Lewis Costello, Eddie Izzard, Thom Yorke, Russell Howard, Doug Stanhope - Stand Up & Be Counted: Lewis Costello
Lewis Costello 25/10/2010
Lewis Costello is a seventeen year old stand-up comedian. Since his first performance at the age of fifteen, he has supported Ed Byrne on tour, been a writer for Russell Howard's Good News and performed with circuit legends from Brendon Burns to Simon Munnery and Mark Steel. Now, having performed in New York and featured regularly alongside Johnny Vegas, in August Lewis perform his own show at the Leicester Square Theatre.
Lewis Costello left his year long tenure on BBC Radio Lancashire to focus on stand-up and after performing at this years' Latitude Festival and gearing up for a run supporting Doug Stanhope in London, he debuted his first solo effort this year at the Edinburgh Fringe. Lewis gives GIITTV an exclusive look behind the scenes and into the world of such a fast rising young comic, and the inspirations behind his talent:
I've always really admired Eddie Izzard, for quite a few reasons. In most of his specials, he walks on stage in full transvestite mode and proceeds to do a show in which he rarely, if at all, mentions the way that he is dressed. He isn't using his transvestism as a hook; he is just being himself and writing the material he wants to write. I think that's pretty inspiring. It certainly had an effect on me; I started performing at 15. I never really wanted to write routines based on my age, or even address it. I had a throwaway line that I would use at the beginning of performances, and that was it.
In the midst of being referred to as a 'teenage comedy jester' in a newspaper and a 'very young comic' by most MC's, an image is formed for you. I was once asked this in a radio interview, verbatim; "So what is your stuff then, is it all about PlayStations and your family?” That kind of sums it up. I know some comics would love to have such an obvious hook, but I don't think it has ever really done me any favours. It restricts what you can talk about. I decided I didn't want the gimmick pretty quickly, but still, it was interesting to start performing at such a young age!
It seems every three months or so, I look back and see what a stupid fuck I've been. Emailing long winded CV's, booking insane gigs, recording a video of my act in Salford without legible audio and actually using it... Yep, I'm an idiot. But at least I'm gradually realising it. Doing comedy based on life experience gets a little tricky as well, considering that I've only had about four life experiences in all.
I once did a gig in my hometown, performing some tried and tested material to a crowd of around a hundred. The MC, whose name I forget, introduced me - "Next up is a very young local comic! He's only young, so are you all going to make him feel welcome? Excellent! Please welcome to the stage, your very own Lewis Costello!” And it wouldn't have been so bad, but my set was about evolution and rape alarms. I think I forgot my routine about a wacky family having fun on the PlayStation. I didn't go down so well. After the show, the venue manager came up to me; "I think that they didn't approve of someone your age knowing about rape." He knew it was stupid, I did too, but it was true. In an ideal world, rape is a secret until it happens.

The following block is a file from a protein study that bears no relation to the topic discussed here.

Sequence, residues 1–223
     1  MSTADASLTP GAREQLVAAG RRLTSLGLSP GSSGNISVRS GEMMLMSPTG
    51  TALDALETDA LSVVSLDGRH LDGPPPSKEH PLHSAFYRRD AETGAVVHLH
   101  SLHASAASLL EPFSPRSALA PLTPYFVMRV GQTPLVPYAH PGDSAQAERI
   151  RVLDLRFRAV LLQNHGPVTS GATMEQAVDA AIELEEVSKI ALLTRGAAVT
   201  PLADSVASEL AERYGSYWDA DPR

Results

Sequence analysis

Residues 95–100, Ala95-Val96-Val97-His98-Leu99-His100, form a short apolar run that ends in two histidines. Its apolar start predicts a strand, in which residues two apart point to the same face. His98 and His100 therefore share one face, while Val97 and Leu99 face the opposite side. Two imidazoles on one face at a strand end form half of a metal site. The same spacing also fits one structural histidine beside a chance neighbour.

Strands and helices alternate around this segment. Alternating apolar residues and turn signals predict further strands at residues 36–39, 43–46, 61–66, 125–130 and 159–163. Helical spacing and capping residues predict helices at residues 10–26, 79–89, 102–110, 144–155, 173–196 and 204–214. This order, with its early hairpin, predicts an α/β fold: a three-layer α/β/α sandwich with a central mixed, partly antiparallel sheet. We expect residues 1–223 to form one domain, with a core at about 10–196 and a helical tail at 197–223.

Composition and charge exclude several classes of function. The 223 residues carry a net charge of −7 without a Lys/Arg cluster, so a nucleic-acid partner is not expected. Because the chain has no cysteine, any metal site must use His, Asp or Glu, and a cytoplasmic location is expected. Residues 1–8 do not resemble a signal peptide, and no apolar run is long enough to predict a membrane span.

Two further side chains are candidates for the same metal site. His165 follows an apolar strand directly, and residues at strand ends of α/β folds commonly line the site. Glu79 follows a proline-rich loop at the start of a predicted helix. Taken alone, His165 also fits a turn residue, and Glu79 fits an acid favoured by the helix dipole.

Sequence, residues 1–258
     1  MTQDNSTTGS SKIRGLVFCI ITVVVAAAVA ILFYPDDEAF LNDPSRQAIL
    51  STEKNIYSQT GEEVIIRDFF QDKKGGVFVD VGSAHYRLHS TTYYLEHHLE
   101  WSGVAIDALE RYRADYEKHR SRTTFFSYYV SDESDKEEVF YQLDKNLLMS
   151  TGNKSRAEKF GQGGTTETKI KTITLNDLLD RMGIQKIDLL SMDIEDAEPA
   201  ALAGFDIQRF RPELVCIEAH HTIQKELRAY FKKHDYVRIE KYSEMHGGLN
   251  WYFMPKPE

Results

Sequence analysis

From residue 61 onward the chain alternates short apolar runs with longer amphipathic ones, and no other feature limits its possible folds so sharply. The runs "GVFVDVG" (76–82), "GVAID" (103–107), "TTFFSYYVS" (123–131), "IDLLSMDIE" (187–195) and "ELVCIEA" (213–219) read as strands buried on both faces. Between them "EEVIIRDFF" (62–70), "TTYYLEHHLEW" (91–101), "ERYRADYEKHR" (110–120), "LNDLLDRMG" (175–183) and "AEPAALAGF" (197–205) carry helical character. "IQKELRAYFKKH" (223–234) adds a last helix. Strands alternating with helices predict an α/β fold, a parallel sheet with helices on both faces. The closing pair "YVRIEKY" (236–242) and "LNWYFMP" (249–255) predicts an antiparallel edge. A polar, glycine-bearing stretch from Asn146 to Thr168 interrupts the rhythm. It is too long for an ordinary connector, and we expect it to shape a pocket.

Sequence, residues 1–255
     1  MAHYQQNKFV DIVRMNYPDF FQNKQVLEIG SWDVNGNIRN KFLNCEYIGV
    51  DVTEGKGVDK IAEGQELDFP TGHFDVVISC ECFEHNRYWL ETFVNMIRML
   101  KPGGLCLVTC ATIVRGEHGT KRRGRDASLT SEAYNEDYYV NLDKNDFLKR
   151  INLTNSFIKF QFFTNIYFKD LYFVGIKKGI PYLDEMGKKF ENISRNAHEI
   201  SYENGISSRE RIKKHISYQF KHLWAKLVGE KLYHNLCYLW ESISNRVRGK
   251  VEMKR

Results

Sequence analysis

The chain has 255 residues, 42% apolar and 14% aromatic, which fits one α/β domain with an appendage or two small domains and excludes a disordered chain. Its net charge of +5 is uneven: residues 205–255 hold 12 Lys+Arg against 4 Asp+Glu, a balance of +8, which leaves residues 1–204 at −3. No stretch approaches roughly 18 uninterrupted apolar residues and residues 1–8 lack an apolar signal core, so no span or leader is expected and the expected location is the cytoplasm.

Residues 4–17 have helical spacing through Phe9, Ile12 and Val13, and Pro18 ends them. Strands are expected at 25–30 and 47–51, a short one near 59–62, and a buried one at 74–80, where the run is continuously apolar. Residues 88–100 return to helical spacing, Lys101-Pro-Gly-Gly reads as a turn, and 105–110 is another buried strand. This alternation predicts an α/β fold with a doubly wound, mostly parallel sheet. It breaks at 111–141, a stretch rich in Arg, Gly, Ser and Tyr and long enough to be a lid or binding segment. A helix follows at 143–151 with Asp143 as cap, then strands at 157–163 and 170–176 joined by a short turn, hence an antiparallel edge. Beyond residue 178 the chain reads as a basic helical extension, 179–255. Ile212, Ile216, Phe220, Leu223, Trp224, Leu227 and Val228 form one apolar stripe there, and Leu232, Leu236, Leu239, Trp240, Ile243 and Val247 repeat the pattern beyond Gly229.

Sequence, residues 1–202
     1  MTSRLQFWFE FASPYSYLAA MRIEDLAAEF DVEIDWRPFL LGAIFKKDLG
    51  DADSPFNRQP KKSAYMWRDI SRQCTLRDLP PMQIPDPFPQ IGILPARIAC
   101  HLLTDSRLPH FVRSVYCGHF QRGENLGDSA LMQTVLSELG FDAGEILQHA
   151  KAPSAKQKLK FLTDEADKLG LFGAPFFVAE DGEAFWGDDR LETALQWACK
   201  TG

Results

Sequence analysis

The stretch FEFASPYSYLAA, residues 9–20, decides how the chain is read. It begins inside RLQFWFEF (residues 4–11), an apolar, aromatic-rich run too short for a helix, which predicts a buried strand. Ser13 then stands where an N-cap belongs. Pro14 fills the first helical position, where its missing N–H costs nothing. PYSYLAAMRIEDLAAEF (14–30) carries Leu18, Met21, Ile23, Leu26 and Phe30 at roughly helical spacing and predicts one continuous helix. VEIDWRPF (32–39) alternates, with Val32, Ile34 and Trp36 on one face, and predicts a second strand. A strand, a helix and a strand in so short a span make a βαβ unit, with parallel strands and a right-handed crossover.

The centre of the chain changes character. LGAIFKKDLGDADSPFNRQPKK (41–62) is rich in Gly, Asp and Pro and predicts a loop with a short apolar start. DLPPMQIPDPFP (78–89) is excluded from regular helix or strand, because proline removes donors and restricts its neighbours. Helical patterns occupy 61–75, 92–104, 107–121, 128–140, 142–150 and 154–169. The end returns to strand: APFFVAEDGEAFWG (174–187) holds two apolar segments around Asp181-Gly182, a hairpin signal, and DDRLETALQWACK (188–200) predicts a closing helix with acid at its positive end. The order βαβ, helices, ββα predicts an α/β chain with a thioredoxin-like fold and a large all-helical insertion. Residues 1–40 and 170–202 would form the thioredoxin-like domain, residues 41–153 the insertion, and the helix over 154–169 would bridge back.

It's not all bad, though! Firstly, stand-up money for a student is pretty good. I have quite a few friends who are struggling to get the very worst jobs at the moment, so I really was in the right place at the right time. I'm still pretty poor, but that's because I get in around an hour's work per month. I get by, which is cool. And it doesn't get taxed, so in my mind, I'm sticking it to the government and beating the system. Fight the power.
I'm still young enough to not be jaded by it all, as well! It's taken me to New York, London, it's snuck me into festivals... I owe it big time. It's so weird, really. As hard as it is to convince people, I'm shy. And unless I have a drink in me, I am pretty awkward the first few times I meet someone. I have absolutely no idea how I did my first gig, it's all a blur. What I can remember is one of the most awkward interviews ever for the local paper the week before... It was entirely my fault.
"So were you always the funny one in school?"
"No, I'm not that funny."
"But you're doing stand-up!"
"Yeah, I guess I am."
"So would you say you're very humble then?"
"No, because anyone who calls themselves humble is almost always a dick."
I don't suppose I am the most quotable person. I'm just not the obvious candidate for a stand-up comic. Never thought I was funny, still don't, too young, never stick to things (I once wanted to be a baseball player and an animator in the same day), lazy, quite a drifter, generally a loser. I didn't collect my results from college because I was sleepy. That's me. But at the same time, it's great to be able to think of something and present it to people who want to listen. It's a job geared for a lazy outcast loser with opinions, and I don't know how it found me, but somewhere in between hating indie hipsters passionately and trying to turn people on to Thom Yorke, it did. And I'm pretty fucking glad it did. Speaking of which... Have you heard Thom Yorke's solo album?
For more info on Lewis Costello's comedy go here: